gt40 at mail.ev1.net
Fri Apr 21 12:03:12 EDT 2006
From: Brian J White <brian at bjwhite.net>
Date: Fri, 21 Apr 2006 08:24:22 -0700
>Rocky's blanket statement below depends on many factors. He's
>assuming that the larger wheel/smaller tire combo will be heavier
>than the 16". Which in a lot of cases is true, but what exactly
>"faster driving" mean. Yes, heavier wheels can affect handling
>acceleration, but we're talking Audi A4s here, not club racing
>Alfas. You would hardly feel the difference in a couple-three
>pounds per wheel in a heavy car like the A4. That being said,
>pound wheels are never a good idea.
>To me, I like the stiffness of the smaller sidewalls on a 17"
>on the A4. Slightly wider tread pattern does turn in a bit
>but also looks darn good compared with 16x7 wheels.
>And let's face it. The A4 isn't a track whore...it's a daily
And yet it does pretty well on the track, for a heavy,
underpowered 4-door sedan.
I race cars with the National Auto Sport Association, an on
occasion, I've taken my A4 TQMS on the track (Hallett Motor Racing
Circuit outside of Tulsa, and Motorsports Ranch outside of Fort
Worth, TX.) For as heavy as the car is, I was impressed with its
handling. Pull out 400 lbs and give it another 200HP and it would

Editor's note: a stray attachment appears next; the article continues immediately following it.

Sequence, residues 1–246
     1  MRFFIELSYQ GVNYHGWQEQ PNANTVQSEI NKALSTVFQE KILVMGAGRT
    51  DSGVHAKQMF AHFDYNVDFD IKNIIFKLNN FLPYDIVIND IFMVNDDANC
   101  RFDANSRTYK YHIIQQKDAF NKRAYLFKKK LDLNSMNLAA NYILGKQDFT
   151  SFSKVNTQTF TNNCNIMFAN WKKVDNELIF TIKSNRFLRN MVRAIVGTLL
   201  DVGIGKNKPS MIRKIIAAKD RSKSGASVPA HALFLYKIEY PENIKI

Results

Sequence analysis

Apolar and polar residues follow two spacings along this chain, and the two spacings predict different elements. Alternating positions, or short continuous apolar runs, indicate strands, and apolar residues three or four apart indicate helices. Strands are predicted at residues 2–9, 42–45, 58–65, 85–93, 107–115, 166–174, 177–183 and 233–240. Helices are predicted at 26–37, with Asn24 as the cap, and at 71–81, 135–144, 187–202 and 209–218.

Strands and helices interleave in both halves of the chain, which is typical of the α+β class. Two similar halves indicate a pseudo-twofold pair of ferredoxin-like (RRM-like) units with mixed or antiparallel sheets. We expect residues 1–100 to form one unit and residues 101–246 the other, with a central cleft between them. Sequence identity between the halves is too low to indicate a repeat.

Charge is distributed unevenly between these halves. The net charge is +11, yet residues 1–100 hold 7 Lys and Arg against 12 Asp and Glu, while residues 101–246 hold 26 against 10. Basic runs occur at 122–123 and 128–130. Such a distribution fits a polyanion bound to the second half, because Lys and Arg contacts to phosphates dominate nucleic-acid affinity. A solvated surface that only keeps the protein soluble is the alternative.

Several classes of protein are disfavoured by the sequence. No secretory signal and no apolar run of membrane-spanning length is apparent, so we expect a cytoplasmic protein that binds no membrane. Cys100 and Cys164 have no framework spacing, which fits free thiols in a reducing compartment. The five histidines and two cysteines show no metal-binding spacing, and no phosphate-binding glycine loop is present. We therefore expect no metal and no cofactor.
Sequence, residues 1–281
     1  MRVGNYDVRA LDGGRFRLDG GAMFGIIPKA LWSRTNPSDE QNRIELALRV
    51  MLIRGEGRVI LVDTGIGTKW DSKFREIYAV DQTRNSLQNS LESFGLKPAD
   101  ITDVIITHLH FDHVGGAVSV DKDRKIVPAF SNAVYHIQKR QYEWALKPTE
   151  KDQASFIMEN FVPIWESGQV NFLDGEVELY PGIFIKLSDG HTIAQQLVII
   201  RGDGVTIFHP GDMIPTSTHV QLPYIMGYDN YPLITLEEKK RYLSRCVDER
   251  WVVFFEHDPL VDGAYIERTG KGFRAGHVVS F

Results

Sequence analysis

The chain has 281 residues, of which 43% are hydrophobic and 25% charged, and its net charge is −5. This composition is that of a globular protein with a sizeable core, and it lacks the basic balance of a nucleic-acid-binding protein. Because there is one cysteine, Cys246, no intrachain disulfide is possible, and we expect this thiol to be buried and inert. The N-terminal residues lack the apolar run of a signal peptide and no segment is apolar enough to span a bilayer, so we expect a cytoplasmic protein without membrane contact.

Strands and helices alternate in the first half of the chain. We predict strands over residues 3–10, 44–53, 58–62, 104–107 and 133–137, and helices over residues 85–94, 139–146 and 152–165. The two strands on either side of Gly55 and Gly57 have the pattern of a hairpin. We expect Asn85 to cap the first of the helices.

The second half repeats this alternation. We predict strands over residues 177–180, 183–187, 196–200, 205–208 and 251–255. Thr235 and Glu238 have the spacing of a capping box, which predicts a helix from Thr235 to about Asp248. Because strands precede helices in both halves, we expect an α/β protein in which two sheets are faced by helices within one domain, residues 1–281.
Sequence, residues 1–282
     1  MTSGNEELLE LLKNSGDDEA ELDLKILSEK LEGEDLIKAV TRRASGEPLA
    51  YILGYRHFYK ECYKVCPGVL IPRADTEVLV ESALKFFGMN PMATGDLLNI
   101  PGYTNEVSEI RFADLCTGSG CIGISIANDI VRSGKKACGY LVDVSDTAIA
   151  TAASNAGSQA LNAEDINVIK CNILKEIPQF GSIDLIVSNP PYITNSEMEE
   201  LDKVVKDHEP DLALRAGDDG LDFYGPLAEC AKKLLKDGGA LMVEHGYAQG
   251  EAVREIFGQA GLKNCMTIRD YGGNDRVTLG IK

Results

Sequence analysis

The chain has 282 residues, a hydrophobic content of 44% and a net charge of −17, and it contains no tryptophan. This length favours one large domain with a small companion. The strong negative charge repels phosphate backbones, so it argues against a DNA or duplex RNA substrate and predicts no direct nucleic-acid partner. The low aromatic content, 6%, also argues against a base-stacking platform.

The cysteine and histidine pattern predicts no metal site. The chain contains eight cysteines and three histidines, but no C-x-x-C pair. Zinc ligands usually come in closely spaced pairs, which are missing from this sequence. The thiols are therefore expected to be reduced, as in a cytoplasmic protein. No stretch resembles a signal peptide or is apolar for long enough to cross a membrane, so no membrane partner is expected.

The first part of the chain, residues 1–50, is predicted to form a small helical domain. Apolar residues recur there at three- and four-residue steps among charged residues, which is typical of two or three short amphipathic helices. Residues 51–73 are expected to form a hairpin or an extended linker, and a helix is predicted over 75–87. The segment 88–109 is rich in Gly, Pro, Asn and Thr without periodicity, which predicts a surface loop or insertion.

make a fine track car.
As for a different sized wheel affecting handling, the effect will
be minor, based on the wheel & tire size alone. A larger effect
would come from using different brands or models of tire.
But, all things being equal, a tire with a shorter sidewall, will
give you crisper turn-in and more feedback through the steering
wheel (as the front tires loose grip, you can actually feel it
through the steering wheel.)
BUT -- the shorter sidewall tire may actually have less ultimate
grip, depending on the road surface. The tire's sidewalls act as
an undamped spring. Tires with a taller sidewall have a lower
effective spring rate in the sidewall than do tires with shorter
sidewalls. If you're cornering on a bumpy road, the tire with the
shorter sidewall will have more of a tendancy to skip over the
bumps, and as it's skipping, it's not generating as much lateral
On my race car, I'm 0.3 seconds faster at Hallett running a 50-
series tire compared to a 40-series tire simply because two
important corners are fairly rough. With the 40-series tire, I
have to go through the corner a good deal slower to control
understeer. The taller tire handles the bumps better and allows
for a faster cornering speed.
As in everything, it all comes down to compromises. On the
street, I'd run a taller sidewall because the tires are usually
cheaper, and they tend to protect the rim a little better from
curb-rash. Performance? Feh -- save that for the track where it
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